He responded: ‘No! I feel that the Lord will give me his grace. I accept death. Don't cry; the Virgin won't abandon us. We have help from heaven. I have not denied the church, or the Holy Father or Father Francisco Galloni, as they have said. Send my greetings to my brothers, and all my friends, and people I know, also those in Belgium and Holland. Please stay in Sofia. Tomorrow bring me two blankets, because I have to sleep on the cement floor, and some money. They let us have dry fruit and nuts. Do what you can over the weeks I'm here in the central prison in Sofia.’

The following day we brought him what he had asked, and did so until Nov. 8th. We put the things in a small basket, which he sent back to us with a small signed piece of paper. On November 18th the basket came back by mail. It was still full. Then we knew that something tragic had happened.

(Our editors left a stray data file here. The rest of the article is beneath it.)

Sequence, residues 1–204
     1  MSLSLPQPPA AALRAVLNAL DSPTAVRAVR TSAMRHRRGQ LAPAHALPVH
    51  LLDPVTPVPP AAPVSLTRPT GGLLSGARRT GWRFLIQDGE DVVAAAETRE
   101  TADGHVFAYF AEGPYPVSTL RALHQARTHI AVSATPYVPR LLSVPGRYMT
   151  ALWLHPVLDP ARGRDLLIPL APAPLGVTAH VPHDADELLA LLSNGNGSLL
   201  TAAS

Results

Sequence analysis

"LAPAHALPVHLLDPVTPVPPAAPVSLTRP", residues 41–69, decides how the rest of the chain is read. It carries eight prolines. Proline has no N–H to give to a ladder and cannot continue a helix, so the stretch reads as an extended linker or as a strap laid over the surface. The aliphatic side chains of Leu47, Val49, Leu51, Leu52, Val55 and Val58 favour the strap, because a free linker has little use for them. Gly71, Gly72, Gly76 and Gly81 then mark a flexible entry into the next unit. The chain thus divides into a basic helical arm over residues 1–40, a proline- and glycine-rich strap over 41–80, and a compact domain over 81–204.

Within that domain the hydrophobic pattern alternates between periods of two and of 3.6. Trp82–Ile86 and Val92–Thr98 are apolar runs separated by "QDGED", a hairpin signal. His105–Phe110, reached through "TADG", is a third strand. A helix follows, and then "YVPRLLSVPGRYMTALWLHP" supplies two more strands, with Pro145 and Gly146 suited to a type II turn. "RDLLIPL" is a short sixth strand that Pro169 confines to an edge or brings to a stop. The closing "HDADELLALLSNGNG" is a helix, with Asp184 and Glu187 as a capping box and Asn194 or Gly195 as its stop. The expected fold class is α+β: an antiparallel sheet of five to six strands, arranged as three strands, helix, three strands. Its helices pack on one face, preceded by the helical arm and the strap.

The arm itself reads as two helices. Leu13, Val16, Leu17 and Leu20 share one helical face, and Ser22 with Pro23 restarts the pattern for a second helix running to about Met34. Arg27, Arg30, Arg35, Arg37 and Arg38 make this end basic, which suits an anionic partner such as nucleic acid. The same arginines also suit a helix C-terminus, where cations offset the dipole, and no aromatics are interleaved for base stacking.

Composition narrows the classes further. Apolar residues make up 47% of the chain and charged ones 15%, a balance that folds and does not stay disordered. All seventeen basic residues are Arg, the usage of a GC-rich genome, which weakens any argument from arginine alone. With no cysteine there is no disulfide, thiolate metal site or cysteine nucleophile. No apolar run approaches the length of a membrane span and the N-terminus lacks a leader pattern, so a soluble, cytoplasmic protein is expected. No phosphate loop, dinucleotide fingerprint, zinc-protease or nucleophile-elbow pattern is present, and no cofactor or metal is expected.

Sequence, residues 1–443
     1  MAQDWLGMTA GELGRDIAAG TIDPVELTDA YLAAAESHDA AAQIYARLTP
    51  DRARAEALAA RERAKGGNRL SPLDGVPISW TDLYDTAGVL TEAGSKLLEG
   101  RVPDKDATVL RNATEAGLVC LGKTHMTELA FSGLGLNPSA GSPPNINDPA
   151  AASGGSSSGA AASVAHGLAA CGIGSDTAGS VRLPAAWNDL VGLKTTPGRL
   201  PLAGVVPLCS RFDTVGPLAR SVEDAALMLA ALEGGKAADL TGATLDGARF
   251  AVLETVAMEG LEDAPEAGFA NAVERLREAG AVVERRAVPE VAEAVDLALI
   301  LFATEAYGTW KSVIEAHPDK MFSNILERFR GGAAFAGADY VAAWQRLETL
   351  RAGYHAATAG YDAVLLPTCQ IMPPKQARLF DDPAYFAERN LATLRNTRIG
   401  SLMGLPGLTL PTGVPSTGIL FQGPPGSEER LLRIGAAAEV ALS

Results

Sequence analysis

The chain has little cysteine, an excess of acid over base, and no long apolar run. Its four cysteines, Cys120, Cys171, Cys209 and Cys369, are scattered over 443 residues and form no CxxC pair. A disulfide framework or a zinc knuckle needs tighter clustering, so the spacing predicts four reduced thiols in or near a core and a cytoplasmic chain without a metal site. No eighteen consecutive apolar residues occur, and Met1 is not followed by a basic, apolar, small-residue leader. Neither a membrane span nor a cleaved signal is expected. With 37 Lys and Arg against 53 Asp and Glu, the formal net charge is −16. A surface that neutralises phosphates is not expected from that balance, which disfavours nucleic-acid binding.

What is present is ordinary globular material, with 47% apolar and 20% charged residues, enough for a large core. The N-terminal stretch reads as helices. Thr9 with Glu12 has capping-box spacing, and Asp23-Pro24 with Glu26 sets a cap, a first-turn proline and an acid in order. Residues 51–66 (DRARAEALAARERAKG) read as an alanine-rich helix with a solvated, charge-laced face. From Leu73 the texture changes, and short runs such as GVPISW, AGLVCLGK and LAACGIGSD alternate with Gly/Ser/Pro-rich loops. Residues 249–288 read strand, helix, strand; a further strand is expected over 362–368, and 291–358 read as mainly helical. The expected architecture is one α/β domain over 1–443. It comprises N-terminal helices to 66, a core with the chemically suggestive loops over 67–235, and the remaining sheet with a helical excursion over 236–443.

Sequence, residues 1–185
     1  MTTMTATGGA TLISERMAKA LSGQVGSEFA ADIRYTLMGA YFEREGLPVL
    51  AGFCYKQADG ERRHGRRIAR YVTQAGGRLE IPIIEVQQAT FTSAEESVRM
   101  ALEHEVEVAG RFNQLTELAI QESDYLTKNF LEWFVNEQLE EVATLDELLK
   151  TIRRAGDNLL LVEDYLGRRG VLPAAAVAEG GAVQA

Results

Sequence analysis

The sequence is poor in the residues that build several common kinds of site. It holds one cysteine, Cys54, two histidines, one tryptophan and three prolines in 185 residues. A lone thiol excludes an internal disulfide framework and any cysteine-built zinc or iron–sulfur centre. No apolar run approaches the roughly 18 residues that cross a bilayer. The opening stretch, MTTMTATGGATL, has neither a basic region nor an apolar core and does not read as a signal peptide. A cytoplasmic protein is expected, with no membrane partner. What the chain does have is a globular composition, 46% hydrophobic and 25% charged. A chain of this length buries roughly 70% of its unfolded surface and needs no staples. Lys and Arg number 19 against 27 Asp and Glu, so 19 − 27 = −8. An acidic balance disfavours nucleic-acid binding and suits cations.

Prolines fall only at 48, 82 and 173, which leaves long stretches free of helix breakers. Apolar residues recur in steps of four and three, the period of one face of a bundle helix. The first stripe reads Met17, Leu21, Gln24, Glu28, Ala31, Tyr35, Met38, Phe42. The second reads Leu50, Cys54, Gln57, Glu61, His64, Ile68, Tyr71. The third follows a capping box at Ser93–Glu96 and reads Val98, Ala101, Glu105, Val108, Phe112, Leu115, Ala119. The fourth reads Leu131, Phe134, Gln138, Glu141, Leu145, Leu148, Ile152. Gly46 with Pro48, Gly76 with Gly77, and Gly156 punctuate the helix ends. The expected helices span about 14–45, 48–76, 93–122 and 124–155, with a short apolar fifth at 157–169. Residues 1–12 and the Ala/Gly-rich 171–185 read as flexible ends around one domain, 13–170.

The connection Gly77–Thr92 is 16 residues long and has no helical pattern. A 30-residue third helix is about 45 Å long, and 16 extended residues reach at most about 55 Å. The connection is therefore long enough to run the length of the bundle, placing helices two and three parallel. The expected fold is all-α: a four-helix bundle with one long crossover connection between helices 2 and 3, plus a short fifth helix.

Since I was his relative, they only let me enter. I was interrogated by two people. ‘What do you want?’

‘I’ve come to get some news about my uncle, the Catholic bishop of Rousse, the one who was condemned to death a month ago. I sent him some dried fruit and some money in a basket and he sent it back to me empty, except for a small piece of paper with his signature. On Nov.18th the small basket came back still full. What happened?’

They told me, ‘We will let you know right away.’ One of them took a piece of paper out of a folder. On it was written: ‘Eugene Alois Dobrev Bossilkov, shot to death on November 11, 1952.’

I screamed,‘But that’s not my uncle. Dobrev is not his last name.’

The police officer replied: ‘You don’t know anything. In prison we give them more names. This way we baptize them.’

‘OK’, I replied, ‘give me this piece of paper as proof.’ I let them know that my uncle had an identity card, eye glasses, a wrist watch, and a wallet.